June 18, 2024


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Singapore is paying ‘close attention’ to welfare of foreign workers amid COVID-19 outbreak: PM Lee

SINGAPORE: Singapore will do its best to take care of the needs of foreign workers here amid the COVID-19 outbreak, said Prime Minister Lee Hsien Loong on Friday (Apr 10). 

The number of COVID-19 cases in foreign worker dormitories has surged in recent days, with clusters emerging in nine dormitories so far. The cluster at S11 Dormitory @ Punggol is the largest in Singapore, with 283 confirmed cases as of Apr 9.

“We are paying close attention to the welfare of the foreign workers. They came to Singapore to work hard for a living, and provide for their families back home. They have played an important part building our HDB flats, Changi Airport, MRT lines,” said Mr Lee in a speech posted on Facebook.

He added that authorities have worked with employers to make sure that the workers will be paid their salaries and can remit money home.

“We will provide them with the medical care and treatment that they need,” he said.

“If any of their family members watch my video, let me say this to them: We appreciate the work and contributions of your sons, fathers, husbands in Singapore. We feel responsible for their well-being. We will do our best to take care of their health, livelihood and welfare here, and to let them go home, safe and sound, to you.”

READ: In full: PM Lee appeals to older Singaporeans to stay at home during COVID-19 ‘circuit breaker’ period

READ: ‘Dedicated strategy’ to break COVID-19 spread in dormitories, including housing healthy workers in army camps

There had been concerns about the welfare of foreign workers in dormitories, and the ability of dorm operators to implement COVID-19 safe distancing measures, after photos and videos circulating online appeared to show crowded and unsanitary conditions at S11 Dormitory.

Thousands of workers live at the dormitories that have been declared isolation areas under the Infectious Diseases Act, meaning all workers have been placed under quarantine and will have to stay in their rooms for 14 days.

The Ministry of Manpower has since stepped in to help manage the situation – saying it has ensured better distribution and quality of meals, as well as improved waste management and hygiene conditions.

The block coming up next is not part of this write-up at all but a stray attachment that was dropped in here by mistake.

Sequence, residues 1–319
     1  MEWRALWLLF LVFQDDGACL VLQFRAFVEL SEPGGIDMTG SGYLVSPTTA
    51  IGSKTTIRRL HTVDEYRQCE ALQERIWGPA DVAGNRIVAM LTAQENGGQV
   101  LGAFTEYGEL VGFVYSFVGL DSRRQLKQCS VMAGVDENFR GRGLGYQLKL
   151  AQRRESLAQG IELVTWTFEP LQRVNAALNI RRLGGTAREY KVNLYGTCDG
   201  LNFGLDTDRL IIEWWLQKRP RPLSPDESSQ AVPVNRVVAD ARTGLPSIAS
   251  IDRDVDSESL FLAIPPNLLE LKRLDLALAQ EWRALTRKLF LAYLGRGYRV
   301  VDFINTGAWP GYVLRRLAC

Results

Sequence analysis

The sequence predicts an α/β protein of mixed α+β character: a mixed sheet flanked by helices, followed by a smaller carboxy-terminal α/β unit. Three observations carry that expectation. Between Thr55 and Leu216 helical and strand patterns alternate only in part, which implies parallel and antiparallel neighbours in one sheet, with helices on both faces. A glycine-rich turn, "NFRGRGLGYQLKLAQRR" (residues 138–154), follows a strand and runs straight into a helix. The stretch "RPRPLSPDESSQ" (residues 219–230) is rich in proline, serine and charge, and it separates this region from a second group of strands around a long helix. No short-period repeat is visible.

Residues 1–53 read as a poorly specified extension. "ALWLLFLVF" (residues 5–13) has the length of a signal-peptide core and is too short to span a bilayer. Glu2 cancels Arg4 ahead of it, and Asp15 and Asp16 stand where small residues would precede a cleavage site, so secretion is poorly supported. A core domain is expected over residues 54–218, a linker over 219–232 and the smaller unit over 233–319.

READ: COVID-19: Crowding, emotional health of migrant workers at dormitories concern employers

READ: Conditions continue to improve at S11, Westlite and Toh Guan dormitories hit by COVID-19: MOM

In his speech on Friday, Mr Lee noted that an inter-agency task force has deployed Forward Assurance and Support Teams to all foreign worker dormitories. These teams, comprising officers from the Singapore Armed Forces, the police and MOM, will work closely with dormitory operators in order to respond quickly to workers’ essential needs.

The teams are also setting up medical facilities and triage clinics, bringing in supplies and food, as well as managing logistics and housekeeping, said Mr Lee.

“They are making sure the workers have food and water, and Wi-Fi to keep in touch with families back home and friends here, and for entertainment. The SAF and the Home Team have the resources and the organisation to do this. Many other public service agencies are also chipping in,” Mr Lee added.

READ: SAF will do more for COVID-19 fight if needed: Ng Eng Hen


In his Malay speech, Mr Lee highlighted that outside the dormitories, the number of new cases in the general community has also gone up, with the source of infection for half the cases remaining unknown.

This means that the people who infected them “are still among us” and continue to affect more people, which is why the “circuit breaker” measures are important, said the Prime Minister. 

He made a “special appeal” to older Singaporeans who are more vulnerable to COVID-19.

“But please understand: We are telling you to stay at home for your own safety,” urged Mr Lee.

“If we catch COVID-19, it is a serious matter. Our chances of dying are much higher, and if we get infected and spread the virus to our friends around our age, or bring the virus back home to our families, then, we put them in grave danger.”

READ: Singapore reports a record 287 new COVID-19 cases with more than half linked to dormitory cluster

READ: COVID-19: Parents not allowed to drop children off daily at grandparents’ place, open-air stadiums to close

Noting that it is Good Friday – a day for Christians “to reflect on the sacrifice of Christ” – Mr Lee said that it is also a time for Singaporeans to acknowledge the sacrifices of Singapore’s frontline workers, as well as a time for all Singaporeans to make their own sacrifices and to observe the circuit breaker measures strictly to curb the spread of COVID-19.

Mr Lee acknowledged that the measures are very inconvenient and that they come at great cost to Singapore’s economy. 

“But the more strictly we observe the restrictions, the faster they will work, and the sooner we can ease up on them. If some of us fail to comply strictly with the measures, the circuit breaker will fail, then all our inconvenience, pain and sacrifice will have been in vain,” he said. 

READ: COVID-19: Singapore makes ‘decisive move’ to close most workplaces and impose full home-based learning for schools, says PM Lee

READ: ‘Circuit breaker’ rules to incur more pain for Singapore economy, job market: Experts

Mr Lee said he will continue to speak to Singaporeans “from time to time” over the next few weeks to provide updates on the COVID-19 situation and what the Government is thinking, as well as on what Singaporeans can expect and do to fight the novel coronavirus.

“The situation will get worse before it gets better, but we have to get through this, before the sun comes out and shines on us again.”

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